Slowing down for a cup of coffee, and to warm our chilly fingertips, we started to notice the details. Stylistically, the racey demeanor of the new naked standard comes from its bigger brother, the S 1000. The GS version (due next year) is likewise inspired by BMW’s big waterboxer.
The 310 is loaded with aesthetics typical of the brand, like the finely-textured tank cover and nacelle, the familiar passenger grab rails (which here include holes designed as lashing points), and the stylish die-cast alloy wheels inspired by those found on sport touring stablemates.
Regarding the instrument panel, while the gear position indicator is welcomed, the thin, digital tachometer line is difficult to follow. Everything else is legible on the high contrast screen. The disc brakes, one each front and rear (300mm/240mm), are adequate, but not much more. Comes with the price point. Nevertheless, 2-channel ABS is standard.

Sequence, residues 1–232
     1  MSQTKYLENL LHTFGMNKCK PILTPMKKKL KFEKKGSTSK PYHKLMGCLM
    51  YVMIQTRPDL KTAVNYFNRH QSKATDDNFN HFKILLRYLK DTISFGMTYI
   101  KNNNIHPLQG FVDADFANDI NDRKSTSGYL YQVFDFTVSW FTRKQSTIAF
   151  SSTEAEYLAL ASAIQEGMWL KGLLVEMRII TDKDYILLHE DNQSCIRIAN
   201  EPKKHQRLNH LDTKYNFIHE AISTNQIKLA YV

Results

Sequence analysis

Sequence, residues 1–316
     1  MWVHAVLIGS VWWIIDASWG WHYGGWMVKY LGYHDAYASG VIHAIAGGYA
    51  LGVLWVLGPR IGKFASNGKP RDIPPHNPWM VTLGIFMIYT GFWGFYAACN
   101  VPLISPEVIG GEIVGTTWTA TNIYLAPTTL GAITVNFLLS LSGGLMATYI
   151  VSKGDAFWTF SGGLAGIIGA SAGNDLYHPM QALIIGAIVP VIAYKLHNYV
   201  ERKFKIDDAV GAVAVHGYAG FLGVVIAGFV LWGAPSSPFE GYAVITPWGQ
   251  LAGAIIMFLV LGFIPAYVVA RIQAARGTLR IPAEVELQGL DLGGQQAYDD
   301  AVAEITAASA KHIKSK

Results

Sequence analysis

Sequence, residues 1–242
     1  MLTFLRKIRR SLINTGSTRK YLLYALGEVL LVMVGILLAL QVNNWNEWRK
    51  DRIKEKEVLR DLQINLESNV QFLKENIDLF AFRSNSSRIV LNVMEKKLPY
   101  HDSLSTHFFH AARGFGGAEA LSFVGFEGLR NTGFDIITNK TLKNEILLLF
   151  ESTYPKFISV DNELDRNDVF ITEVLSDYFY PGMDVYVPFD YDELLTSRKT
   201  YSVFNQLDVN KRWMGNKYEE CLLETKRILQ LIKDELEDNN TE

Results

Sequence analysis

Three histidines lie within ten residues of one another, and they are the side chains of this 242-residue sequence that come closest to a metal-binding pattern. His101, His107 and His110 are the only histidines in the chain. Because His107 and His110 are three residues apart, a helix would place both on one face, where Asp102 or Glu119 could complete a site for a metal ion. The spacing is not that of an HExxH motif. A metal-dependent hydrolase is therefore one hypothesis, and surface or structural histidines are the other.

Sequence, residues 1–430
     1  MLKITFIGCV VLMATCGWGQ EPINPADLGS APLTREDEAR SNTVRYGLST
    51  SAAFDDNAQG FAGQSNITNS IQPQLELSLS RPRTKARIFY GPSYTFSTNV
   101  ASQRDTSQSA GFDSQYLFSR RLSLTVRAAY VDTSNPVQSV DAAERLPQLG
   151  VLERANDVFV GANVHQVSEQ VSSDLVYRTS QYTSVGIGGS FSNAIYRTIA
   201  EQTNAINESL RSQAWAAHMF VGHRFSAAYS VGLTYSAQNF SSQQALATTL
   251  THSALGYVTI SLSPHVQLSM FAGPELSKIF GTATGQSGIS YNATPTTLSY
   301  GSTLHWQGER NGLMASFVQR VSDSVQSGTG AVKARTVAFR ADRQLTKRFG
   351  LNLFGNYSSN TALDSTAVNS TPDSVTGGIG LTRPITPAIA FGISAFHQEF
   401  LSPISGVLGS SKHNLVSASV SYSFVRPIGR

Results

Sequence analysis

The tubular steel frame and aluminum swingarm result in a short wheelbase of 54 inches. Coupled with 25.1 degrees of steering rake, and a claimed wet weight of just 349 pounds (with the 2.9 gallon tank full), you have the basis for one extremely nimble vehicle.
Designed in Germany and built to spec in India (and yes they intentionally put the engine in backwards for a lower, more-forward center of gravity), the G 310 R is a world-market bike, ready for any fuel quality and emissions test, and will retail in the U.S. for just under five-K … at $4,750 including ABS. Color choices include Strato Blue Metallic, Cosmic Black and Pearl White Metallic. Check out BMW’s web site for additional details and specifications. Bikes should start hitting U.S. dealer showrooms next summer.